Phase-field modelling and biomineralization: where materials science meets biology

Széchenyi Award winning László Gránásy who is a researcher at the Wigner Research Centre for Physics, of the Hungarian Academy of Sciences, Budapest and his computational materials science team in cooperation with the German scientists (Igor Zlotnikov’s team at the Center for Molecular Bioengineering of the Technische Universität Dresden) investigate how far the mathematical methods developed in materials science can be applied for modelling solidification processes in biological systems.

During biomineralization hierarchically structured organic-inorganic composites of unique properties form, where the unique properties originate from their microstructure. Examples for biomineralization are the formation of bones, teeth, kidney stones, and deposition of cholesterol on the walls of blood vessels, or the creation of diatom and mollusc shells, and coral-skeletons.

Animation that displays the three stages of shell evolution in the case of the freshwater mussel Unio Pictorum via the time evolution of the orientation field as predicted by the phase-field theory (Wigner Research Centre for Physics, Budapest, Hungary): (1) during the nucleation process a layer of randomly oriented fine crystals appear; which is followed by (2) the appearance of an orientationally ordered columnar layer; finally, the (3) formation of a layered nacre domain can be observed.

Credits: Schoeppler V., et al, Biomineralization as a Paradigm of Directional Solidification: A Physical Model for Molluscan Shell Ultrastructural Morphogenesis, First published: 21 September 2018, DOI: (10.1002/adma.201803855). Copyright Wiley-VCH Verlag GmbH & Co. KGaA. Reproduced with permission Credits: Schoeppler V., et al, Biomineralization as a Paradigm of Directional Solidification: A Physical Model for Molluscan Shell Ultrastructural Morphogenesis, First published: 21 September 2018, DOI: (10.1002/adma.201803855). Copyright Wiley-VCH Verlag GmbH & Co. KGaA. Reproduced with permission.)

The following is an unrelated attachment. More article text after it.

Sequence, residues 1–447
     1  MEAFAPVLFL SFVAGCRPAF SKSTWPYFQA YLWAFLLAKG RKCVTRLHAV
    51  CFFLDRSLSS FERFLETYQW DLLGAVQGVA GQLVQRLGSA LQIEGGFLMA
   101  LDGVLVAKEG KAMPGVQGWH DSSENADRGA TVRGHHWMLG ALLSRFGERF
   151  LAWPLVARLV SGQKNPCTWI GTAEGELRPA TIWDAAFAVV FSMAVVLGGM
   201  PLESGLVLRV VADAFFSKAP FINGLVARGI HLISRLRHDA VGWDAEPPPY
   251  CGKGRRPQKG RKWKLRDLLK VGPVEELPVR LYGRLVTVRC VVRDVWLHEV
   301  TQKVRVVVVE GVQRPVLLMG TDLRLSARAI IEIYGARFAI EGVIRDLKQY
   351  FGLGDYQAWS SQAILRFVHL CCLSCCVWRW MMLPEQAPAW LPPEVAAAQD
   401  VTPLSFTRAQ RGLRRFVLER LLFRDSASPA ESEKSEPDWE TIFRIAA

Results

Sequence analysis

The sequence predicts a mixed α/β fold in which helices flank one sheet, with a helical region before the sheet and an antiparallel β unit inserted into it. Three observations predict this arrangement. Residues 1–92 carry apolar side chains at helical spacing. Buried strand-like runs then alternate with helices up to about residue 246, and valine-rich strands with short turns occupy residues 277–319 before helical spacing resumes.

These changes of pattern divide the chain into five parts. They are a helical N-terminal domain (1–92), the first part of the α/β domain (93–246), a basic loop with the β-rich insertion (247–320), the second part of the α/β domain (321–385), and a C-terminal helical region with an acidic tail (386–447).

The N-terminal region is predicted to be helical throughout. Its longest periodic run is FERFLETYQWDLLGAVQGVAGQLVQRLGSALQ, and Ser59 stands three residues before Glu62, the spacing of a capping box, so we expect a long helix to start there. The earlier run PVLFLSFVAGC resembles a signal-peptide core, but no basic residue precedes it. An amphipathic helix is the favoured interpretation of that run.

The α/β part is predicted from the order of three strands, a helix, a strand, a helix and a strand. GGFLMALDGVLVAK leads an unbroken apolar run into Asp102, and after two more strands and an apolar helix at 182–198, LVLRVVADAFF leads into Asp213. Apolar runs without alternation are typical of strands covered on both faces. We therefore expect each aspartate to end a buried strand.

Computational materials science is one of the important ingredients of knowledge based materials design. Analysing the solidification/crystallization of metals, polymers, plastics, and composites, etc. efficient modelling tools have been worked out in the past decades for describing complex solidification processes and the evolution of microstructure. A method of choice in this area is a specific version of the phase-field model developed by the Hungarian team that captures crystallization by using appropriate order parameters such as the phase-field that monitors the structural changes, the concentration field representing the local composition, and the orientation field that reflects the local crystallographic orientation.

In a paper that appeared on 21 September, 2018 in the high ranking scientific journal Advanced Materials (https://onlinelibrary.wiley.com/doi/abs/10.1002/adma.201803855), Hungarian and German scientists report a spectacular agreement between the microstructure of mollusc shells determined by experimental methods (including electron microscopy, electron back-scattering diffraction (EBSD), and X-ray micro-tomography performed at a synchrotron) and the microstructure predicted by the phase-field theory (cf. Figs. 1 and 2). Such a complex structure was addressed for the first time by phase-field modelling, which may open the way for the modelling of even more complex biomineralization processes. Although this is a fundamental research study, besides its biological interest, the knowledge gained may contribute to developing environment-friendly ambient temperature technologies for producing hierarchically structured composites.

Cross-sectional electron back-scattering diffraction (EBSD) images for the shell of the freshwater mussel Unio Pictorum (by Igor Zlotnikov, B-Cube, Center for Molecular Bioengineering, Technische Universität Dresden). In the lower part of the cross-sectional image (the outer layer of the shell, C) randomly oriented fine crystallites can be seen, above which (D-E) a columnar structure develops that shows orientational ordering, whereas in the innermost layer (F) a layered structure (nacre) develops.

(Credits: Schoeppler V., et al, Biomineralization as a Paradigm of Directional Solidification: A Physical Model for Molluscan Shell Ultrastructural Morphogenesis, First published: 21 September 2018, DOI: (10.1002/adma.201803855). Copyright Wiley-VCH Verlag GmbH & Co. KGaA. Reproduced with permission.)

This research was supported by the Frontline Excellence Program of the National Office of Research, Development and Innovation, Hungary.

Further information: http://www.esrf.eu/home/news/general/content-news/general/molluscs-use-thermodynamics-to-create-complex-morphologies-with-exceptional-properties.html